One might say that it in the current climate it's just difficult for first-time feature filmmakers, full stop. With private film financiers apparently increasingly conservative and public funding inevitably squeezed, who will take a risk on a new filmmaker particularly if they have an unorthodox or iconoclastic vision? Think, Shoot, Distribute is clearly intended to address this issue by focusing on how to negotiate the leap from short films or TV, to feature films, through first of all providing a bracing gust of chilly realism amply provided, among other things, by the first speaker of the Thursday session: Paul Welsh, formerly of Scottish Screen and now Executive Producer at Digicult. Paul reels through some of the filmmakers he has worked with at Scottish Screen who have managed, more or less, to make the transition from shorts to features. Among them Joern Utkilen who has taken 9 years to move from an acclaimed short at the Edinburgh Film Festival to the Cinema Extreme funded 50-60 K short film Little Red Hoodie.

Of course, to an extent, all this must depend upon individuals, as someone from the audience points out, as well as upon how good their projects are. Or indeed, how market-friendly. Welsh admits that filmmakers with a very idiosyncratic styles may take longer to progress simply because 'a consensus' needs to build around their talent. An example of a quicker turnaround would be Nick Whitfield, who has made his first feature Skeletons (2009) from his short film of the same name for 10 times the amount (£500 and £500 K respectively)… within only three years. Unsurprisingly this is the shortest timeframe mentioned. The speedy transition is explained through the potential of his short film to be turned into a feature as well as the good relationships built with commissioners.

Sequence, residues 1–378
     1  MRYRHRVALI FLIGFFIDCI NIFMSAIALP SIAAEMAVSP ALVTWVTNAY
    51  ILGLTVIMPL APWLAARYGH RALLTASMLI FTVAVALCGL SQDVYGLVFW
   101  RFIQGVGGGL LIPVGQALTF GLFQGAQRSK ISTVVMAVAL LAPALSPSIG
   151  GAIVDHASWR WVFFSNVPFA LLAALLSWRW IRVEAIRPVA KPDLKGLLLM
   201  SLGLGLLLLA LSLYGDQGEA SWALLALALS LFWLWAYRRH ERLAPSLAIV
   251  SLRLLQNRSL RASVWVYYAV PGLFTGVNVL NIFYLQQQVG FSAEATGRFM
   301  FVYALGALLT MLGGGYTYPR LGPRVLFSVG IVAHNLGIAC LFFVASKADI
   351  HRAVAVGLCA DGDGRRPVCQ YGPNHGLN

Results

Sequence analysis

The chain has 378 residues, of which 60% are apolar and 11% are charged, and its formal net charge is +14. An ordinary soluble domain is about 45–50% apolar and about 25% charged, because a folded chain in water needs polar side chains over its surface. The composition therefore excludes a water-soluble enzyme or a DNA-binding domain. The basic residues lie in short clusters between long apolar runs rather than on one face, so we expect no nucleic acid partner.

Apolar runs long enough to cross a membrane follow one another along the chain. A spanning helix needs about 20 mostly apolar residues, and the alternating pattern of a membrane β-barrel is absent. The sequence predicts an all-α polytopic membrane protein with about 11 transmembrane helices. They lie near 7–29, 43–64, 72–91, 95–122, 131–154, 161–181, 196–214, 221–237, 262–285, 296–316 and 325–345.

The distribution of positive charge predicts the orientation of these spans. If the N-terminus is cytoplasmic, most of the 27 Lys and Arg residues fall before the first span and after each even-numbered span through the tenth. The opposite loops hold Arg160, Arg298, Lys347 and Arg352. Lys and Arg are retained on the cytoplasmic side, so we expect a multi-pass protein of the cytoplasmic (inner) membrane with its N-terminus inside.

In general the short films mentioned vary from budgets of £0-60K while the publicized budgets of the first feature films themselves vary from £25K – £2 million. The latter range in the still remarkable cases of Lynne Ramsey's Ratcatcher (1999), and more recently Duane Hopkins and his film Better Things (2008), both of which Welsh views as exceptions that merely prove the rule. Nonetheless through an entrepreneurial attitude that recalls Scorsese's oft-quoted remark that 'talent is so far from being enough', first-timers such as Paul Andrew Williams, Chris Waitt, and most recently Peter Stricklind have managed to get their films made. Although in Strickland’s case that was reportedly through spending £25,000 of inheritance money on production and working eight months to fund post-production on Katalin Varga (2009). Let it be noted that no one on TSD mentioned wealthy grandparents close to death’s door.